OpenJurist

733 F2d 646 Jones Ta v. Community Redevelopment Agency of City of Los Angeles

733 F.2d 646

Thomas A. JONES, Jr., dba T.A. Jones & Associates,
Plaintiffs-Appellants,
v.
COMMUNITY REDEVELOPMENT AGENCY OF the CITY OF LOS ANGELES;
Edward Helfeld, Joe L. Shugart, Jerome H. Gross, Walter
Preston, Harold L. White, Norman Rosenfeldt, Jackson Chin,
George Kantar, Patricia A. Davenport, Fremont Indemnity
Company, Inc., a corporation, American Fidelity Fire
Insurance Co., Ltd., a corporation, and United Inspection
Bureau, a corporation, Defendants-Appellees.

Nos. 83-5607, 83-5776.

United States Court of Appeals,
Ninth Circuit.

Argued and Submitted Dec. 9, 1983.
Decided May 15, 1984.

Thomas A. Jones, Jr., Los Angeles, Cal., for plaintiffs-appellants.

Kathryn Reimann, Weiser, Kane, Ballmer & Berkman, David A. Pines, Strantz, Sobelsohn & Elkin, Ronald Tuller, Barry Bernstein, Barry Bernstein Law Corp., Los Angeles, Cal., for defendants-appellees.

Appeal from the United States District Court for the Central District of California.

Before SKOPIL, FERGUSON and CANBY, Circuit Judges.

SKOPIL, Circuit Judge:

1

Thomas Jones, Jr., dba T.A. Jones & Associates, ("Jones"), brought an action pro se against the Community Redevelopment Agency of Los Angeles ("CRA"), employees of CRA, two bonding companies, agents of the bonding companies, and three City of Los Angeles employees. The district court granted the motions to dismiss of Fremont Indemnity Co., Inc., American Fidelity Fire Insurance Co., Inc., Market Insurance Corporation, United Inspection Bureau, and the three City of Los Angeles employees.1 We refer to those parties as the Bonding Company Defendants. The remaining parties, CRA and four of its employees, prevailed on a grant of summary judgment. They are referred to as the Agency Defendants.

FACTS

2

Jones is a contractor who has bid on several public works programs in Los Angeles. He is black. CRA is a public entity that is authorized to improve blighted areas in Los Angeles.

3

In June 1974, Fremont Indemnity Co., Inc. ("Fremont") issued a performance bond that named Jones as the principal and CRA as obligee. This bond guaranteed the construction by Jones of public improvements, known as WATTS-PI-8, required under a contract between Jones and CRA.

4

In March 1977, American Fidelity Fire Insurance Co., Inc. ("American") issued a performance bond to Jones through its managing general agent, Market Insurance Corporation ("Market"). That bond guaranteed the construction by Jones of public improvements, known as CDP-ADAMS-PI-3, required under a contract between Jones and the CRA. American issued another performance bond to Jones in May 1978. This bond guaranteed improvements to a building owned by Dorsey Mortuary, Inc. in Los Angeles. American again issued that bond to Jones through Market. United Inspection Bureau, Inc. ("United") is the claims adjuster for American.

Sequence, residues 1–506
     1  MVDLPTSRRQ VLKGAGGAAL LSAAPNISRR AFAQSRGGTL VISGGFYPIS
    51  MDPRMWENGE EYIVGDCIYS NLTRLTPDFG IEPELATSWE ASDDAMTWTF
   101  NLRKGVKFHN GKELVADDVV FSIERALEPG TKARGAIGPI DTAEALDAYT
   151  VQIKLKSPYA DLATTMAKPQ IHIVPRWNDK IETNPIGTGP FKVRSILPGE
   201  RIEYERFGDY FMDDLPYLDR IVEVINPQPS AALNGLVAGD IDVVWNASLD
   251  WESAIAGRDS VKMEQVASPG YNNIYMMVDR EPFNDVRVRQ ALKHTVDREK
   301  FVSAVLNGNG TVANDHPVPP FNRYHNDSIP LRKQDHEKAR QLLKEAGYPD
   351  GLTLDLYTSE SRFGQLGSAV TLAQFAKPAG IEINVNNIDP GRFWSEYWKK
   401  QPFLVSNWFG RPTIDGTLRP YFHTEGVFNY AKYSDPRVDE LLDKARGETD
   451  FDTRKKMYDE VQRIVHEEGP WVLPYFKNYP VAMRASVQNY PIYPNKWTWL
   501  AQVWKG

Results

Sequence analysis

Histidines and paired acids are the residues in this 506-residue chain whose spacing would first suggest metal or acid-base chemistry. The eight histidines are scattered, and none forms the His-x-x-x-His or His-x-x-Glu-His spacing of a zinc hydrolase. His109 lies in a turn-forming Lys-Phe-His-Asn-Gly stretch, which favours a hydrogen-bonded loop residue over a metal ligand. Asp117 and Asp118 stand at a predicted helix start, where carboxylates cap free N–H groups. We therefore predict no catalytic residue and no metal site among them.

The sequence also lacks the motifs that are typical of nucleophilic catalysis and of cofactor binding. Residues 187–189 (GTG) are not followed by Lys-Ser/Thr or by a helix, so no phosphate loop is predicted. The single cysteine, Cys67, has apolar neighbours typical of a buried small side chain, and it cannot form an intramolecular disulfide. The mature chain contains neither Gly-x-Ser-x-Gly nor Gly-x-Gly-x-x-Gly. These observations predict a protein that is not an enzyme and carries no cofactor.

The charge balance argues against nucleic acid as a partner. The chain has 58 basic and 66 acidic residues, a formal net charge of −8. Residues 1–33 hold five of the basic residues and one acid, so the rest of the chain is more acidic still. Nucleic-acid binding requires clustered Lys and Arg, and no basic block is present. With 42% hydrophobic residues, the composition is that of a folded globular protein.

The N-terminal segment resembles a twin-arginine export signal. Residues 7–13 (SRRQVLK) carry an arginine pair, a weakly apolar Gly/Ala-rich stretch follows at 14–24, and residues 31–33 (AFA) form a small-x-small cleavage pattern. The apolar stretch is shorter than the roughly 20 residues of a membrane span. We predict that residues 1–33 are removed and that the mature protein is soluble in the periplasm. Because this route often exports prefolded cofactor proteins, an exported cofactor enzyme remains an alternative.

5

This action is based on disputes arising from these construction projects and their performance bonds. The details of the particular disputes need not be detailed here.

6

In April 1981, Jones filed a complaint in Los Angeles County Superior Court. This complaint identified as defendants all the appellees in the two appeals. It alleged conspiracy and fraud, breach of contract, and violation of the UNRUH Civil Rights Act. Jones requested damages, specific performance, and an injunction. The Superior Court granted the appellees' demurrer and granted Jones leave to amend. Shortly thereafter, the Superior Court amended its order to dismiss CRA without leave to amend. This dismissal was based on Jones' failure to file a claim against a public entity in a timely manner. See Cal.Govt.Code Sec. 900 et seq. This amended order did not name the defendant employees of CRA. It appears, nevertheless, that the parties have treated them as if they, too, were dismissed in this order.

7

Jones filed an amended state court complaint in September 1981. This complaint alleged the same causes of action as the first complaint, though the amended complaint stated separate causes of action for conspiracy and fraud. Upon another demurrer and leave to amend, Jones filed a second amended complaint. It contained essentially the same allegations as the other complaints, as well as an allegation of a violation of 42 U.S.C. Sec. 1983. Jones also moved for a preliminary injunction. The court heard this motion along with the defendants' demurrer. The court denied the preliminary injunction, granted the demurrer, and again granted Jones leave to amend.